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Press Release

Canine Program Celebrates 35 Years of Dedicated Service; Program Continues Dramatic Expansion Since 9/11

Friday, March 9, 2007
Contact:
TSA Press Office
(571) 227-2829

March 9, 2007
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WASHINGTON, D.C. – The Transportation Security Administration today celebrated the 35th anniversary of the National Explosives Detection Canine Team Program. The program continues its dramatic expansion since 9/11 by announcing the graduation of 12 teams. These teams will serve in airports and mass transit systems from Los Angeles to Atlanta.

Since 9/11 the program has more than doubled from 174 teams at 39 airports on September 11, 2001 to more than 420 teams at over 75 airports and 13 mass transit systems.

“Throughout the history of the program, well-trained canine teams have demonstrated their value in the detection of explosives in the fight against terrorism,” said Federal Air Marshal Service Director Dana Brown. “They have loyally served as a key component of our layered security approach and we look forward to many more years of partnership with airport and mass transit police in this program.”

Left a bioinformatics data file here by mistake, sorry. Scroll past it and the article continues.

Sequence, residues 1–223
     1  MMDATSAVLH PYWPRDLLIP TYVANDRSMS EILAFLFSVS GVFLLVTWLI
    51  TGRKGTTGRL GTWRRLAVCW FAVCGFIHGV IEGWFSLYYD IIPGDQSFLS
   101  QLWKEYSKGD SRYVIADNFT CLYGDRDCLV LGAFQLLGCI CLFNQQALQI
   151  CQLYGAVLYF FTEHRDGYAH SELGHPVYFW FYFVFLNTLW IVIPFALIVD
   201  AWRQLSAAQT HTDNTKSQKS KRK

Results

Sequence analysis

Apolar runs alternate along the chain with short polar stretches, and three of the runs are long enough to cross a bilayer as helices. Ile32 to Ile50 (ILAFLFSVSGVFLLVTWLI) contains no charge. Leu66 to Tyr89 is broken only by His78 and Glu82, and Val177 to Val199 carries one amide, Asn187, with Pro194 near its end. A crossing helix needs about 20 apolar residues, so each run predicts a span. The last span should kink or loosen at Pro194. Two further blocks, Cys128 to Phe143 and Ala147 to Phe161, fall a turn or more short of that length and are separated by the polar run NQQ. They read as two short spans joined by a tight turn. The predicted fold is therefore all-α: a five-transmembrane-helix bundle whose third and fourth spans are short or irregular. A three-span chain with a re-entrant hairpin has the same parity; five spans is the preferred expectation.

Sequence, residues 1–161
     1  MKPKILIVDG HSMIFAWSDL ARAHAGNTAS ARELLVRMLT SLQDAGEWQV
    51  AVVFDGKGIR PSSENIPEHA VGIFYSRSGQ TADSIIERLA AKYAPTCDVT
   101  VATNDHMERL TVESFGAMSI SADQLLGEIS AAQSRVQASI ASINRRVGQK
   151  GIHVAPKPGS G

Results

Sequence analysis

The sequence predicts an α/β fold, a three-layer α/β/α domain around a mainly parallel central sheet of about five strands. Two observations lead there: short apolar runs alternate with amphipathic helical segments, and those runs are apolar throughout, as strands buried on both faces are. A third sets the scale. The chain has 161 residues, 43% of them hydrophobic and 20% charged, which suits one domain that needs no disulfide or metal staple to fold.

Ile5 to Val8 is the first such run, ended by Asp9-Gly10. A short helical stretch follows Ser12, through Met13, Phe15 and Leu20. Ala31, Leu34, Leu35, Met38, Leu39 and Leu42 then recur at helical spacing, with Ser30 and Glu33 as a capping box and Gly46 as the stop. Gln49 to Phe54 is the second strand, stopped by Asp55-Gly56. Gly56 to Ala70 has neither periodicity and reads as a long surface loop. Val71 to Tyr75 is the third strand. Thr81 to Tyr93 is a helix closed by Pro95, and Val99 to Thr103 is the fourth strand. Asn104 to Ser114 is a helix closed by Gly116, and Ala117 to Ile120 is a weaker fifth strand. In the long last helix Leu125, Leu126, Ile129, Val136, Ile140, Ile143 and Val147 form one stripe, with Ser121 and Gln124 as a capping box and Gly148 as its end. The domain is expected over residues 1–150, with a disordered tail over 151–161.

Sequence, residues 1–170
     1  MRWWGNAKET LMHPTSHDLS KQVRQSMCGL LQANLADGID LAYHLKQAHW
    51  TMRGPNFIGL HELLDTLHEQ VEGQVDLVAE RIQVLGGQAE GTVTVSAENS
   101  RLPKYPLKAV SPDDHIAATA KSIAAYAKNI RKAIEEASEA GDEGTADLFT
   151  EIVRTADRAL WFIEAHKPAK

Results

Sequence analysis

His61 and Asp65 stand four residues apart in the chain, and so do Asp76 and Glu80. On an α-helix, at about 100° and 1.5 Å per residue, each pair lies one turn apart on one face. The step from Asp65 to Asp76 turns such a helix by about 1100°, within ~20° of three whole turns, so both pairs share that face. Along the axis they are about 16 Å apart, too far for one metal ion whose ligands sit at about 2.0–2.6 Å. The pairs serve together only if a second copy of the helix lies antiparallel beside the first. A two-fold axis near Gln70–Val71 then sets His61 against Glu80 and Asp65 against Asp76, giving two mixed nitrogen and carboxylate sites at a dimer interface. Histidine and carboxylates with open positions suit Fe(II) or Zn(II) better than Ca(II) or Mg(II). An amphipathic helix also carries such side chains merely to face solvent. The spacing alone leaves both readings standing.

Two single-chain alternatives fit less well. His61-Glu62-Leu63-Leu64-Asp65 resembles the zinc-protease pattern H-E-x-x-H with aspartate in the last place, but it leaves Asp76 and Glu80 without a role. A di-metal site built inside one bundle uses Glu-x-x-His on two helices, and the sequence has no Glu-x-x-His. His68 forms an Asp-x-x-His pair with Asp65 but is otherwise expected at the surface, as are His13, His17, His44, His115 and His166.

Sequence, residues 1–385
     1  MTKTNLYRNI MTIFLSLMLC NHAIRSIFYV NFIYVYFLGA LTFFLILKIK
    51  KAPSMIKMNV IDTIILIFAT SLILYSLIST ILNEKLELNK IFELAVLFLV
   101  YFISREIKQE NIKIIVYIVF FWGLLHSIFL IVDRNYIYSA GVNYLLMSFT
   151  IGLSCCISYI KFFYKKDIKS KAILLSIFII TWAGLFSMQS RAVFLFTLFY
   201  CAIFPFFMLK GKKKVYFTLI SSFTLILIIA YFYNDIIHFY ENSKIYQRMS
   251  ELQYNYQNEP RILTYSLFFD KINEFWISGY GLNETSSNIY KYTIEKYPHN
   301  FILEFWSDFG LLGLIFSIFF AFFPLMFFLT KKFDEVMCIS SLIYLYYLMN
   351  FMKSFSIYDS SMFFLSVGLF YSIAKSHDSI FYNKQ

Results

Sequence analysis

The program had an auspicious start on March 9, 1972 when a Trans World Airlines flight from John F. Kennedy International Airport (JFK) to Los Angeles received an anonymous bomb threat. The aircraft returned to JFK where passengers were evacuated and a bomb sniffing dog named Brandy from the New York Police Department identified the explosive device just 12 minutes before it was set to detonate. That same day, the program was formed.

Because canine teams combine excellent mobility with reliable detection rates, their use today has evolved to include searching areas in response to bomb threats at airports and mass transit terminals, and aircraft, trains, luggage, cargo and vehicles, as well as serving as a proven deterrent to would-be terrorists. 

The program is a component of TSA’s Federal Air Marshal Service and is a cooperative partnership with participating airports and mass transit systems.  TSA provides and trains the canines, offers in-depth training for the police handlers, and partially reimburses the participating agency for costs associated with the teams, such as salaries, overtime, canine food and veterinary care. 

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